For Reilly and most golf lovers, golf is a game of honor. You play by the rules, keep a correct and honest score, and challenge yourself to grow and become better at the great game.

Throughout the book, Reilly uses anecdotal information from caddies, playing partners and others who have experienced a round of golf with the President to outline how Trump never adheres to Reilly’s golfing virtues.

Trump has been known to kick his golf balls from troublesome areas out onto the fairway, throw competitor’s balls off of the green, and not count his wayward shots into the water hazard when tallying his final score.

All of these golfing offenses would undoubtedly put a regular John Doe in golfing jail, but for the President, it is business as usual and, surprisingly, his playing partners knowingly accept this when going into their round.

As former professional golfer Brad Faxon told Reilly for the book, “You’ve heard so much about it, it’s almost like you want to witness it so you can tell the stories.”

So, you may be asking yourself, what does knowing this about Trump have to do with trade deficits?

Simply put, just like your round on the golf course with Trump, there’s only one winner. And it won’t be you. 

Where the Trade Discussion is Headed for Trump

If you believe that President Trump relies on the latest data when working on his trade strategy, you might be sadly disappointed.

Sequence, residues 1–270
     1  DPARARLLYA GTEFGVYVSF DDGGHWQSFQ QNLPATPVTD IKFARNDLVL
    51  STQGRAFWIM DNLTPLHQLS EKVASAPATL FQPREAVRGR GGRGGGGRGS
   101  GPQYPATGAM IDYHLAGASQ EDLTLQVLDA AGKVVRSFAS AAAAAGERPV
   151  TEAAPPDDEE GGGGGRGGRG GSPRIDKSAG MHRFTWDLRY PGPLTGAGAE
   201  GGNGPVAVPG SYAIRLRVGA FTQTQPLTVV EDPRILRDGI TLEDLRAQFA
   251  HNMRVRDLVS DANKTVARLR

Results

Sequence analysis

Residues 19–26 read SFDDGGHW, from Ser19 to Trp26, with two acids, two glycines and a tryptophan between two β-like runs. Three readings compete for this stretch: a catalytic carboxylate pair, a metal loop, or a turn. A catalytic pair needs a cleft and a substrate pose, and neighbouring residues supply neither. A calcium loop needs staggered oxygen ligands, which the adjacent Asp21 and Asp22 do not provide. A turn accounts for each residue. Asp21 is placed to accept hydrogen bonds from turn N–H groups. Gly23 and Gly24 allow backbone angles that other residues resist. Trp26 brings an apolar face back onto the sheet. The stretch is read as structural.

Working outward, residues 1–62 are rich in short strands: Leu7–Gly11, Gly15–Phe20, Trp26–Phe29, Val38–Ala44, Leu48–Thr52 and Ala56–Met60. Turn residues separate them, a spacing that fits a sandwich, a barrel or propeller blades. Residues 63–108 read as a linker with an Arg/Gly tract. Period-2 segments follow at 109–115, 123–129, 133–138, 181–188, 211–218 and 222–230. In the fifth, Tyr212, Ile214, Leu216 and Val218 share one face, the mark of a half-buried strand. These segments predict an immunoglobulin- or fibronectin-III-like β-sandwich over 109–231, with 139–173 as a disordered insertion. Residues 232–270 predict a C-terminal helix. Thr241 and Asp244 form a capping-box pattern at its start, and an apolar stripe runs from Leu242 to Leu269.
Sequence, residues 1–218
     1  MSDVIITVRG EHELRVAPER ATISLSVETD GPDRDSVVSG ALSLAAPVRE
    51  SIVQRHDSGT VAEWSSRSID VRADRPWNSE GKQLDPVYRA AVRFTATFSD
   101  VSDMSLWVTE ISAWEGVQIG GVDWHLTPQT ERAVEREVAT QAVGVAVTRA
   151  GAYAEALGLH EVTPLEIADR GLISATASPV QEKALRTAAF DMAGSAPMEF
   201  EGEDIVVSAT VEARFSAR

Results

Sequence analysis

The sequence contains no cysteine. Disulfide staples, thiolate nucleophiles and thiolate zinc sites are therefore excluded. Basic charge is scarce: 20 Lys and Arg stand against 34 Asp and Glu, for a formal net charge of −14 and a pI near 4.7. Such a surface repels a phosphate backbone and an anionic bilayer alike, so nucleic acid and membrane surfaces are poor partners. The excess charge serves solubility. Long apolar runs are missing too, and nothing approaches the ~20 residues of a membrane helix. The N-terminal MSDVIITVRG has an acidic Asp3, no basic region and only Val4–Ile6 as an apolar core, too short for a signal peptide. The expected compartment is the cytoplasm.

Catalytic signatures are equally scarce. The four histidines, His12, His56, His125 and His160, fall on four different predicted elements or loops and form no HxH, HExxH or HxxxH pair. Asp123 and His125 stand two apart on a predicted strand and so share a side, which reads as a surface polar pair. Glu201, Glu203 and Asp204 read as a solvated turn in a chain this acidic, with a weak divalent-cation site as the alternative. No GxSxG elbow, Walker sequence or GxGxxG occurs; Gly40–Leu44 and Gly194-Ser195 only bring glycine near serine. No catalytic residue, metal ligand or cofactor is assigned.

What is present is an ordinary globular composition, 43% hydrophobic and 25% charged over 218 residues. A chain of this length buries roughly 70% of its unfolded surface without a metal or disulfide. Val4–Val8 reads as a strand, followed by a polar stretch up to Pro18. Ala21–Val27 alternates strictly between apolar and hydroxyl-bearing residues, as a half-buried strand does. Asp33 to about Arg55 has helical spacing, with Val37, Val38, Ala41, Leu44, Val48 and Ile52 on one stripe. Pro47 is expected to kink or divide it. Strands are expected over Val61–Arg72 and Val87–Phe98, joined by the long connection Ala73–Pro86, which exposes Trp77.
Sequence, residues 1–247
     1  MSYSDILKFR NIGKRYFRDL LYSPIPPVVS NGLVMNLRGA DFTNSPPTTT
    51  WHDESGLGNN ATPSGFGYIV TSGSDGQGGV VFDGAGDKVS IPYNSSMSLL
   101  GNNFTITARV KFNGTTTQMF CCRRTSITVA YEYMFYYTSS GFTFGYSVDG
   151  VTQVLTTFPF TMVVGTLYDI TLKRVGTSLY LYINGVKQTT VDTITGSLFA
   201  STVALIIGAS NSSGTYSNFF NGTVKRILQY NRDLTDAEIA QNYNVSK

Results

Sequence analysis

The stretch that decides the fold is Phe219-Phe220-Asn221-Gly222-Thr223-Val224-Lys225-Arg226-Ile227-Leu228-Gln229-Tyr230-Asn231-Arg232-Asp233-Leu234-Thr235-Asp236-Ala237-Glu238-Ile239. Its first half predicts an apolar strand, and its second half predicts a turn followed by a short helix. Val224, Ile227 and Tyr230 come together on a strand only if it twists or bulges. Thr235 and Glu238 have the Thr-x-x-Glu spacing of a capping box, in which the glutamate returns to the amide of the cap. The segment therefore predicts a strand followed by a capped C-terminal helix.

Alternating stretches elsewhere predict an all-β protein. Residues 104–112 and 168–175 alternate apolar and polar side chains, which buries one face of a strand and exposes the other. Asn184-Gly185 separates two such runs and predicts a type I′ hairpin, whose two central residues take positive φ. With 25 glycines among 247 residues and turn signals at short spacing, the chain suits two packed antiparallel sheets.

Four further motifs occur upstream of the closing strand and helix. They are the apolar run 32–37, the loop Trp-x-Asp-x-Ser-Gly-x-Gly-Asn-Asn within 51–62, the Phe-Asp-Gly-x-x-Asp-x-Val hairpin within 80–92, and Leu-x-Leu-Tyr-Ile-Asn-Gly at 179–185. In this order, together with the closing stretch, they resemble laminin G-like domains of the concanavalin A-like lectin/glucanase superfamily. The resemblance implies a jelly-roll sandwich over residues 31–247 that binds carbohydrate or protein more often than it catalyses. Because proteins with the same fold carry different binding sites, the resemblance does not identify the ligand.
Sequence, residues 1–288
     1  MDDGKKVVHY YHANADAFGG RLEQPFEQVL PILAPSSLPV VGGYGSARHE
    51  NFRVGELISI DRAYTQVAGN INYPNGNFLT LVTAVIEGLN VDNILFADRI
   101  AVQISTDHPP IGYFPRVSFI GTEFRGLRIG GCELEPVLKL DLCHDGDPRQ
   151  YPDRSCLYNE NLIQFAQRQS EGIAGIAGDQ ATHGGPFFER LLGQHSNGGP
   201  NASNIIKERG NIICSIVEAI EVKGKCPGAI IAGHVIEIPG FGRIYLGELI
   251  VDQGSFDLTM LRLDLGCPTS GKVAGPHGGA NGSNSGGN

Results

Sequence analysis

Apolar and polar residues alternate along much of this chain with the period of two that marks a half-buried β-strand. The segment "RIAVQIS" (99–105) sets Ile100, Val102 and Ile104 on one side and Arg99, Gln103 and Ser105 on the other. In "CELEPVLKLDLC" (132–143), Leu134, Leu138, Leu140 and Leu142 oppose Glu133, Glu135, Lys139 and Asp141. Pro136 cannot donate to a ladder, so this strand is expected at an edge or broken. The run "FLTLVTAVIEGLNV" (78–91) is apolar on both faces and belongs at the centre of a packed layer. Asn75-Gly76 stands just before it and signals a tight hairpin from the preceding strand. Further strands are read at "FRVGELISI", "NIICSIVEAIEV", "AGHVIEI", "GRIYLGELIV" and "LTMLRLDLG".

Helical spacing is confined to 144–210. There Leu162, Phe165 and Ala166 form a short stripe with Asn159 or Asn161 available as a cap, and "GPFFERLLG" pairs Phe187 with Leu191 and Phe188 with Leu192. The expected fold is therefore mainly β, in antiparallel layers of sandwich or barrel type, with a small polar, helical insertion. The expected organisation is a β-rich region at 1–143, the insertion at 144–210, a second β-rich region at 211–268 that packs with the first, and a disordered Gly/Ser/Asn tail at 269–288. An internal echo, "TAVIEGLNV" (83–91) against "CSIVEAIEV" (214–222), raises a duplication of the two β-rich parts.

When Gary Cohn took over as National Economic Council Director for the Trump administration, he commonly found the President distracted when discussing the finer points of the trade conversation according to Bob Woodward’s book, Fear: Trump in the White House.

According to Woodward, Cohn would routinely bring the President the latest figures from a variety of sources, including the Job Openings and Labor Turnover Survey, otherwise known as JOLTS.

Cohn showed Trump that more and more people were less inclined to work in manufacturing when they could find employment in more hospitable environments such as office work. Cohn would back up his argument with numbers proving his point from the monthly JOLTS report.

The point of Cohn’s attempts to inform the president came from the opinion that a trade war would be damaging to the American economy.

In his mind, trade deficits were a good thing because America was becoming a service economy and therefore, spending less on goods because they were coming from other countries.

Trump didn’t agree with the figures or with Cohn’s theory. In Trump’s eyes, America was losing because the trade deficit scoreboard said so.

For Trump, There’s Only One Way to Proceed

When Trump plays golf, he always rides alone in his own cart. He speeds ahead of his playing group, hits balls out of turn and never, ever stops until his last putt on the 18th green.

The lesson is simple when you play with the President: My course. My rules. Luckily, his hotels allow pets to come over and take care of them well, but of course with an extra cost. So, if you don’t want to play with him or got bored, you can at least play with your dog in your room and stay for a while. 

When looking at the direction of where America is headed under Trump’s leadership with regard to trade deficits, it would be smart to remember that lesson from the links.